But with “Skeletons,” they felt they needed to get back to rocking, and to further the live sound of the album, they used their touring band in recording the tracks.

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Brothers Osborne warmed up the crowd at a sold-out Verizon Amphitheatre (now Ameris Bank Amphitheatre in Alpharetta) headlined by Chris Stapleton on May 5, 2017. Robb Cohen Photography & Video /RobbsPhotos.com

Brothers Osborne warmed up the crowd at a sold-out Verizon Amphitheatre (now Ameris Bank Amphitheatre in Alpharetta) headlined by Chris Stapleton on May 5, 2017. Robb Cohen Photography & Video /RobbsPhotos.com

Combined ShapeCaption
Brothers Osborne warmed up the crowd at a sold-out Verizon Amphitheatre (now Ameris Bank Amphitheatre in Alpharetta) headlined by Chris Stapleton on May 5, 2017. Robb Cohen Photography & Video /RobbsPhotos.com

“‘Port Saint Joe’ is a record we’re so proud of and that we absolutely love. It was Grammy nominated and it did great things for us,” John Osborne said. “But we had issues with incorporating it into our live sets because our live shows are pretty high energy. And that record has a couple of high energy songs, but it’s pretty mellow. And we had a lot of problems with the imbalance of our sonics on our second record and the sonics of our live show.”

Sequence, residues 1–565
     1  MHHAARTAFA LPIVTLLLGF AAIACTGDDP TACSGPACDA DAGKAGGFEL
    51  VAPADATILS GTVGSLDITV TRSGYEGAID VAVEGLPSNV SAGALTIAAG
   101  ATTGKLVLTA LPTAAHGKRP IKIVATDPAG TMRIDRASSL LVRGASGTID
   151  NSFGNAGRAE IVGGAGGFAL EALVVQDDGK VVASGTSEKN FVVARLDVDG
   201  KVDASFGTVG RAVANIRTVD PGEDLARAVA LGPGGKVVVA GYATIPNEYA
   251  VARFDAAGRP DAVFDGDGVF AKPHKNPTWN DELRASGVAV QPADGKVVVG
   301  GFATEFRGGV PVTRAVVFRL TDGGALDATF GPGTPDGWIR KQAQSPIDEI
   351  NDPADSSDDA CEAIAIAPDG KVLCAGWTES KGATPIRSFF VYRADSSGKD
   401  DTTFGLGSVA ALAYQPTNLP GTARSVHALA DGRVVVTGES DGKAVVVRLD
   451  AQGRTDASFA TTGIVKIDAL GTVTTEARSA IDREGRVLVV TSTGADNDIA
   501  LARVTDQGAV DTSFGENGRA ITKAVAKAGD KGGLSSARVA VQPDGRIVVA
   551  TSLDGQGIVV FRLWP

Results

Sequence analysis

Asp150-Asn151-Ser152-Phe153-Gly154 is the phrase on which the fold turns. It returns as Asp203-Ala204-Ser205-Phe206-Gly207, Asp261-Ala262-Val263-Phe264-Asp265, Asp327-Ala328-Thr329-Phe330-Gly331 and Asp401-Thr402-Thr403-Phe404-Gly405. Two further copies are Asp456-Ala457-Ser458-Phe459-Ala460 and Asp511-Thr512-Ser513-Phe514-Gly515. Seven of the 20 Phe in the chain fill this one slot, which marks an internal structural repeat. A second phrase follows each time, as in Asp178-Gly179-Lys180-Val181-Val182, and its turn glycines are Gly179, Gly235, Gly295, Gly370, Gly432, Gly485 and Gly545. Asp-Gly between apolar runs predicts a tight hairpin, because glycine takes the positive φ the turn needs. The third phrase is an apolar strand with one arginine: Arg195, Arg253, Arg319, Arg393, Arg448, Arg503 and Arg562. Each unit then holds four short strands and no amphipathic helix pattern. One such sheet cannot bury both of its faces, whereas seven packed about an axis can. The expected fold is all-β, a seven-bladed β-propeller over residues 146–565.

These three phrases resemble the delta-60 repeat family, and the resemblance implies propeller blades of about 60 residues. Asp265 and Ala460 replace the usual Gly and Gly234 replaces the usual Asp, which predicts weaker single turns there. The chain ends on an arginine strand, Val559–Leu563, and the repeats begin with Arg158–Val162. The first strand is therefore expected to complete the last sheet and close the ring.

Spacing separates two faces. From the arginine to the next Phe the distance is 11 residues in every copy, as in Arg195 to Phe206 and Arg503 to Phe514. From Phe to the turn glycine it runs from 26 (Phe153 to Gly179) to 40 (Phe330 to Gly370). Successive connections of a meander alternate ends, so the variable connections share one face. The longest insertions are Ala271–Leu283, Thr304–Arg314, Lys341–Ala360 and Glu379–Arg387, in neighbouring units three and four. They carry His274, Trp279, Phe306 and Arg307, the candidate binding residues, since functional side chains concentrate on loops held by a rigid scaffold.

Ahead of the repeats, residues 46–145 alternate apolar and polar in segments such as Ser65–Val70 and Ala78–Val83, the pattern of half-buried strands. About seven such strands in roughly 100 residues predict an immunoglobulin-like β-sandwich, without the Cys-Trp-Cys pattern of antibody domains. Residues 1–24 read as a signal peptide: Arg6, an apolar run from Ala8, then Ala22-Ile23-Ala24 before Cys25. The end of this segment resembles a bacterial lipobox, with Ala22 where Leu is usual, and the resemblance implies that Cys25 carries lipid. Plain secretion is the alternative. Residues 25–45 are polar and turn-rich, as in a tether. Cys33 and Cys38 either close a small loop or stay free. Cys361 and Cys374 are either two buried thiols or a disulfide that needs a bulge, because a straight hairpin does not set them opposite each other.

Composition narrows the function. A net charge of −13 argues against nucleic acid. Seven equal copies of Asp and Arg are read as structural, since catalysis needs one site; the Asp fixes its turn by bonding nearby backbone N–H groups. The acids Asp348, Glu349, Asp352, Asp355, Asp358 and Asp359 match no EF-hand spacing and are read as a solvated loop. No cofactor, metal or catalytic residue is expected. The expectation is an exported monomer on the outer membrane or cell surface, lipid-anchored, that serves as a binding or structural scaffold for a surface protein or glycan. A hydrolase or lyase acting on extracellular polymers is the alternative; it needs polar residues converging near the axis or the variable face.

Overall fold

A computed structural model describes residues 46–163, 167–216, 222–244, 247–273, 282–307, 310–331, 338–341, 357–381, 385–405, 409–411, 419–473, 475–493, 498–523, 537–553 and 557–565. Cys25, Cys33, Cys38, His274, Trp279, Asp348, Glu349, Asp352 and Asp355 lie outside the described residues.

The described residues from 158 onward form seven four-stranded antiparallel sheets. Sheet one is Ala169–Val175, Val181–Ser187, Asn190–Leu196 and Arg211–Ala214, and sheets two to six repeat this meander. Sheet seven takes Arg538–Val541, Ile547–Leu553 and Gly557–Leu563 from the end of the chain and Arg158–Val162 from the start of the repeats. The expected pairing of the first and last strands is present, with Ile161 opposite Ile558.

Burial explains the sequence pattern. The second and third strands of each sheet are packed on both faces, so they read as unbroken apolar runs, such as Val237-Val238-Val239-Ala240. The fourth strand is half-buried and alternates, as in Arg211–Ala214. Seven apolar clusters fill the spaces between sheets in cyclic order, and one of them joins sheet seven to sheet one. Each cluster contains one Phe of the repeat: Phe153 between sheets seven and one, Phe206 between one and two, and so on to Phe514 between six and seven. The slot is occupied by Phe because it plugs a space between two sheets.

And now that the Brothers Osborne have returned to touring, they’re seeing that the songs from “Skeletons” (such as “All Night,” “Lighten Up” and “Back On the Bottle”) bring plenty of energy and work well alongside songs from the previous albums in the live environment.

“We recorded our recent record, ‘Skeletons,’ to be played live. It’s the most live sounding album we’ve done yet. It reflects our live show perfectly,” John Osborne said. “We almost have half of our record that’s in the new set list. You know, it’s been really fun. The response has been amazing. The material fits right in the set like it’s always been there. So it all certainly feels like it’s right.”


CONCERT PREVIEW

Brothers Osborne with Travis Denning, Tenille Townes

7:30 p.m. Oct. 1. $39.50-$99.50. Fox Theatre, 660 Peachtree St. NE, Atlanta. 855-285-8499, 800-278-4447, foxtheatre.org.